Electronic | Alternative
Note: This review will be taking into account the deluxe version of this album, and all of the tracks within it.
After some of the previous projects that virtual band Gorillaz put out before this one, It was a very pleasant surprise indeed that their newest album (or in this case, a project that is painted as more of a series), ultimately became my most anticipated project of the year.
In order to give this review a little bit more context, I will have to go through a story, which dates back to 2017, in which Gorillaz bounced back from a 7-year long hiatus with their fourth album (or fifth, if you want to include 2010’s The Fall), which was named Humanz. However, when I say that they “bounced back”, what that really means was that they just existed as a band again. And while it was indeed a relief to see Damon Albarn let the likes of his band Blur cool down for a bit, to put more care into his virtual band project, it definitely felt like something was missing.
After giving the Humanz album a few listens, I realised that the glaring issue was that this Gorillaz album didn’t have enough of…well…Gorillaz on it. While the extravagant and exciting list of featured artists, which included Danny Brown, Rag ’n’ Bone Man, Jehnny Beth, and even Grace Jones, definitely seemed promising, the band behind the album took an unnecessary back seat to all of the featured artists who were on it. And considering that this served as our first taste of the virtual band in over half the decade, Humanz became a gravely letdown.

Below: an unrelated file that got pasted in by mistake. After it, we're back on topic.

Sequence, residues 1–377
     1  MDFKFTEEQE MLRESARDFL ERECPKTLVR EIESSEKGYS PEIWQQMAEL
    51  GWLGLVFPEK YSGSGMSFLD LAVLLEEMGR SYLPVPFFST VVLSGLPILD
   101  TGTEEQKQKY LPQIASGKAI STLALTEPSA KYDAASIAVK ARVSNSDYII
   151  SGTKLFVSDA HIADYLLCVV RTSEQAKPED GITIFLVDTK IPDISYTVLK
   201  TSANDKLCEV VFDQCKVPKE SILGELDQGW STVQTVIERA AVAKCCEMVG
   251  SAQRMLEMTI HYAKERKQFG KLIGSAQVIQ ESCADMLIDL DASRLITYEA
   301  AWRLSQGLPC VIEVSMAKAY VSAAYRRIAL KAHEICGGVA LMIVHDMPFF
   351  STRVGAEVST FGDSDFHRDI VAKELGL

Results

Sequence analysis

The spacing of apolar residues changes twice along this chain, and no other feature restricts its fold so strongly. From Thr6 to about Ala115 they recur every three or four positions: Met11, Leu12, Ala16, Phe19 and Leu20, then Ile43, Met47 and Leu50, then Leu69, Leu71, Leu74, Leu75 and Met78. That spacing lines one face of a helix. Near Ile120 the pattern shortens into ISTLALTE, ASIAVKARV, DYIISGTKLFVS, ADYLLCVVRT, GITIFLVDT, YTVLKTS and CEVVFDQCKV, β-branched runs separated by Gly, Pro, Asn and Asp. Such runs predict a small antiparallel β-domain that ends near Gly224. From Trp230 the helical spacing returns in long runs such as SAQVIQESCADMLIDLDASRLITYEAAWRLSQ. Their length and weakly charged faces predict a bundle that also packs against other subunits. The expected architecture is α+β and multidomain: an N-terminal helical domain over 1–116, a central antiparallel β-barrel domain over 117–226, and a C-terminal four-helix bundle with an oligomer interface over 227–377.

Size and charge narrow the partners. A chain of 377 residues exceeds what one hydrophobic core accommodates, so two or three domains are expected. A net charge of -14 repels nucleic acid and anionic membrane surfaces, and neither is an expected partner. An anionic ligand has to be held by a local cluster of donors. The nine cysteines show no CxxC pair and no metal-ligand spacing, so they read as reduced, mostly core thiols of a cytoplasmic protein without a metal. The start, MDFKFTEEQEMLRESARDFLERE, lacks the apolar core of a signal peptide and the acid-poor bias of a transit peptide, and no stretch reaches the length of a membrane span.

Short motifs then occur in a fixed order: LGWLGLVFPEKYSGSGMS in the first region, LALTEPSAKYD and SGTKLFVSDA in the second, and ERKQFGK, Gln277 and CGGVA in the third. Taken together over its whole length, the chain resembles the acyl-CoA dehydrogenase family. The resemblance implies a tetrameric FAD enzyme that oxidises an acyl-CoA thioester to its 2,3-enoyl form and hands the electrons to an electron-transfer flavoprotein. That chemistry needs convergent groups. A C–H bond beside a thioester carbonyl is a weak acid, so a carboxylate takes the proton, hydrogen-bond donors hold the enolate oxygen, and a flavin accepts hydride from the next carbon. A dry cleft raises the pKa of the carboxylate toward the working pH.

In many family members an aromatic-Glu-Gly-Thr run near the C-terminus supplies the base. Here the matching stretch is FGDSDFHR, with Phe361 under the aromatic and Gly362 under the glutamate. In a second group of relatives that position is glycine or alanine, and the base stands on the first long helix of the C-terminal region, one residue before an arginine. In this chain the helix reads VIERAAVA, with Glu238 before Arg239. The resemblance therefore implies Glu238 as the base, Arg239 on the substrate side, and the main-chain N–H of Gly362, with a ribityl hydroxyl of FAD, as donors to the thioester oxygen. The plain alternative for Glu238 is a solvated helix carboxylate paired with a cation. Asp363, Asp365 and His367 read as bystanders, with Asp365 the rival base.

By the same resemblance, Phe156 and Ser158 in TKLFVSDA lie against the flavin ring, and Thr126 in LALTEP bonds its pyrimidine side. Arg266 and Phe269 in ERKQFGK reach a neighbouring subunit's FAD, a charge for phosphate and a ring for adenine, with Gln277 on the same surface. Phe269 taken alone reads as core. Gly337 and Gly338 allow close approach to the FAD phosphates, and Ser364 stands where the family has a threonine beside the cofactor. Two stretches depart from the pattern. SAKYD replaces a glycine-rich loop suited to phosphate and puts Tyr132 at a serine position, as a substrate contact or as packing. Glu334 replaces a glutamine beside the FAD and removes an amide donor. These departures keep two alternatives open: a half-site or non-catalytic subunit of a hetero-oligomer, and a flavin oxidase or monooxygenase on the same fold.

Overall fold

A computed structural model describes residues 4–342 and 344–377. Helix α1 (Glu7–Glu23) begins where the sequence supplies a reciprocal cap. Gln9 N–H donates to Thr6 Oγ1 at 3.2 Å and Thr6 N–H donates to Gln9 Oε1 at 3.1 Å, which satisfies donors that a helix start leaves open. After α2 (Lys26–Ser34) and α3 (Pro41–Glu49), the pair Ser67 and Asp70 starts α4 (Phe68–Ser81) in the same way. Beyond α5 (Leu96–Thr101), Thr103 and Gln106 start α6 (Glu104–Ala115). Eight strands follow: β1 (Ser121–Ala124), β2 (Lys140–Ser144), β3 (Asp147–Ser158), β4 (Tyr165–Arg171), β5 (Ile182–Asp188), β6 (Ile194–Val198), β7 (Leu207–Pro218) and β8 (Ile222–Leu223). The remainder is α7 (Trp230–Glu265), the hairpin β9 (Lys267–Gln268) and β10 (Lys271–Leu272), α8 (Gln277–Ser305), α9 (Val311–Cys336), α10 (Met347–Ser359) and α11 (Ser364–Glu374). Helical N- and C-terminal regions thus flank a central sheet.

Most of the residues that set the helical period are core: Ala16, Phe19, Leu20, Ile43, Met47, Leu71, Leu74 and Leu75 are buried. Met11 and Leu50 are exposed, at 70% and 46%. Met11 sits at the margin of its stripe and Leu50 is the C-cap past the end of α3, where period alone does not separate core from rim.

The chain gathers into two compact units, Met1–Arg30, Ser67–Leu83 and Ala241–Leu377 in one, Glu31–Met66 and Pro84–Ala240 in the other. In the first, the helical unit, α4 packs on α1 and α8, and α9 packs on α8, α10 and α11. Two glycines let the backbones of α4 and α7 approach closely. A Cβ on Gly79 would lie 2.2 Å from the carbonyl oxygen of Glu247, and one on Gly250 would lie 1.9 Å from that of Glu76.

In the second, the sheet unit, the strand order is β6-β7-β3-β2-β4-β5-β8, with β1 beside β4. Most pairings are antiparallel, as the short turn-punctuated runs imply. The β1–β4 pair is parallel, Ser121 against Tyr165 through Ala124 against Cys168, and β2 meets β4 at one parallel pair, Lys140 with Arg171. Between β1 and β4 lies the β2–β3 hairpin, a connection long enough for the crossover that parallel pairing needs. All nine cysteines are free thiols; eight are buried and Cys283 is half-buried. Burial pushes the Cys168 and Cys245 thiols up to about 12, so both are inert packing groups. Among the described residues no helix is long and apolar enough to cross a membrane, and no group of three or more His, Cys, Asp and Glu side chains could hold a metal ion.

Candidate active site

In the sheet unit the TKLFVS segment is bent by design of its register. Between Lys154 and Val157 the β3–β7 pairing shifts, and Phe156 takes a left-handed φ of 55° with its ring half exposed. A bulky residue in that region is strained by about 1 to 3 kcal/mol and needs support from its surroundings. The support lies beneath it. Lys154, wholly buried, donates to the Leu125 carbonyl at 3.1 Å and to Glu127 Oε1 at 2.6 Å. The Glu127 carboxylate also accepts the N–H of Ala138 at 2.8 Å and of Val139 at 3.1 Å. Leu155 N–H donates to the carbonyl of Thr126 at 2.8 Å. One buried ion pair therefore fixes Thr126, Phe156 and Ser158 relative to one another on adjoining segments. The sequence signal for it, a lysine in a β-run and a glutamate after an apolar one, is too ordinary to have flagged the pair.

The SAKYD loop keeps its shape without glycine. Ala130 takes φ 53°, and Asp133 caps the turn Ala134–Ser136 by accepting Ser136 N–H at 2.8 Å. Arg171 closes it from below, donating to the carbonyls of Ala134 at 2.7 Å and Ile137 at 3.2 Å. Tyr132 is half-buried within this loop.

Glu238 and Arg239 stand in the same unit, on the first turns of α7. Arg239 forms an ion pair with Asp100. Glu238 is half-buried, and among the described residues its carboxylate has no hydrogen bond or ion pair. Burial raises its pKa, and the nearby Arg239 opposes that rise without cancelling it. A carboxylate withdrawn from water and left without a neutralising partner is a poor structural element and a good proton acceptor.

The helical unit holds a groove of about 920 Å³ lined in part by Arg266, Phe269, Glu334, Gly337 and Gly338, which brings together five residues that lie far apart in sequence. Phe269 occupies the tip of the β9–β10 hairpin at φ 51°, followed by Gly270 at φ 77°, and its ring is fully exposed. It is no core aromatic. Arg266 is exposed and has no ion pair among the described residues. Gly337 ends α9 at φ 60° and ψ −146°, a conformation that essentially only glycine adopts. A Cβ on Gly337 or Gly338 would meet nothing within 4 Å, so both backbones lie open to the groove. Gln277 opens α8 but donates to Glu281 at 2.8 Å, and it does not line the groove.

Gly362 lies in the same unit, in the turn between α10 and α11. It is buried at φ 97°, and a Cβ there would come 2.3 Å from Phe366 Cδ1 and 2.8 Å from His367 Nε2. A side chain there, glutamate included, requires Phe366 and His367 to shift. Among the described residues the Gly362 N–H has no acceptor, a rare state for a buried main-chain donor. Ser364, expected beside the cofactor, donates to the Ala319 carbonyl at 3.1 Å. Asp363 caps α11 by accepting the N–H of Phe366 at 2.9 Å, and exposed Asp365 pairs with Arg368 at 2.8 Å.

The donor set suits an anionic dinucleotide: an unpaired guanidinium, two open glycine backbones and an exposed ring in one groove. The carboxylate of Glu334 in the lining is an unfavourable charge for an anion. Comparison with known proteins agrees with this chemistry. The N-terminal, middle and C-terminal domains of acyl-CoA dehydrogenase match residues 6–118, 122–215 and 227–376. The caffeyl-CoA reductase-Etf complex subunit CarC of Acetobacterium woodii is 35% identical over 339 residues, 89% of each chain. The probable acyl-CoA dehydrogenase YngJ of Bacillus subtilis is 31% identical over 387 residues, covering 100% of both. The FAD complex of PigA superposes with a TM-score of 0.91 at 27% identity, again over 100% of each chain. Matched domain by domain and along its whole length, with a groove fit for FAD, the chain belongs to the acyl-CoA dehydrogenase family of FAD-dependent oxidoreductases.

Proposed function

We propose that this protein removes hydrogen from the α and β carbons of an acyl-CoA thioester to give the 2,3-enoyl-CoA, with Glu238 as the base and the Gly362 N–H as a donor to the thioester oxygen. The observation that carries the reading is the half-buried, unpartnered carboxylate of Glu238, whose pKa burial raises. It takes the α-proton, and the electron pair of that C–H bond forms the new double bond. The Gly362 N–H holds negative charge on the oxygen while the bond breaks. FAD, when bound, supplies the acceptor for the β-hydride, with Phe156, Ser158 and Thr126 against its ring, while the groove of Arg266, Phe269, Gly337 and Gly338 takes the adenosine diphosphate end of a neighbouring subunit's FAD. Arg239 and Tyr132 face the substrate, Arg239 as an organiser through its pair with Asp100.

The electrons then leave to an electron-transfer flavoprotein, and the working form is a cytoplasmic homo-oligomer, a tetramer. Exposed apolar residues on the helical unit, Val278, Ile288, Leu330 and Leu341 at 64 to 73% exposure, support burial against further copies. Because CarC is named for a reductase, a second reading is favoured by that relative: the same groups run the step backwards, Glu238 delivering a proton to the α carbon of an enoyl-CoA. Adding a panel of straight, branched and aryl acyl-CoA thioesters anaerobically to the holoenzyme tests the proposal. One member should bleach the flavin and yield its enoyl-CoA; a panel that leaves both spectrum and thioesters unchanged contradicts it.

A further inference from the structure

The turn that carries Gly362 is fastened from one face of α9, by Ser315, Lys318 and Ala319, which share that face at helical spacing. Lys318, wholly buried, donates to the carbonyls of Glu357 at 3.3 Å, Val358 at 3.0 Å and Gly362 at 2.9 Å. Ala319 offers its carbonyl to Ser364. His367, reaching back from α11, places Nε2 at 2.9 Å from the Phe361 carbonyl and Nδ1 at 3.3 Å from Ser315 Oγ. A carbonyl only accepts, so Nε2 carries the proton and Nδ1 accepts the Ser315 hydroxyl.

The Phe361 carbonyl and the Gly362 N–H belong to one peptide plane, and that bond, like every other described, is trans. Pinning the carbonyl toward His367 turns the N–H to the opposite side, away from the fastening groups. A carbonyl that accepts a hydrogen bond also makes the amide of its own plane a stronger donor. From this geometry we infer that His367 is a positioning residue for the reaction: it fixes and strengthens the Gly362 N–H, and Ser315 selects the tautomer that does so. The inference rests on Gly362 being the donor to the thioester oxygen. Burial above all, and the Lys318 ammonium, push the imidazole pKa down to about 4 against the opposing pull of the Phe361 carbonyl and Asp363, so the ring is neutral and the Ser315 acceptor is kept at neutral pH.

Then as if Albarn realised that himself, we received another album only one year later. And while my first listen of 2018’s The Now Now left me with very divided feelings, I realised that this album also ended up being just as disappointing as Humanz, but for the completely opposite reason; there was now too much of the band, and a very scarce list of featured artists, which definitely play a vital role in the overall appeal of Gorillaz. As a result, The Now Now became a moment in the journey of Gorillaz that felt almost as forgettable and colourless as The Fall.
And then arrived 2020. With the title like Song Machine, I was anxious that it suggested a project that would feel very draft-like and incomplete (basically a pile-up of otherwise abandoned projects). However, it was quite the opposite indeed. Not only was this album going to have that brand-new feel, it also attempted to take a different approach in the way it was teased. As a project which Damon Albarn called a “series”, there was talk that it was going to span over the majority of the year.
And now that we have arrived at the moment that Gorillaz have been building up to over the course of 2020, the one thing that I wanted to mention, is that one of the best thing about this new album, was how it was teased. The almost monthly release of new neaser tracks, really allows Song Machine to feel like a project that represents 2020 masterfully well, and thus feels synonymous with the strange time that has been 2020.
The first of these teasers dates back to the very end of January. Titled “Momentary Bliss”, the track featured both slowthai and Slaves, two artists who I have enjoyed listening to previously. That being said, it was safe to say that I went into it with slightly higher hopes.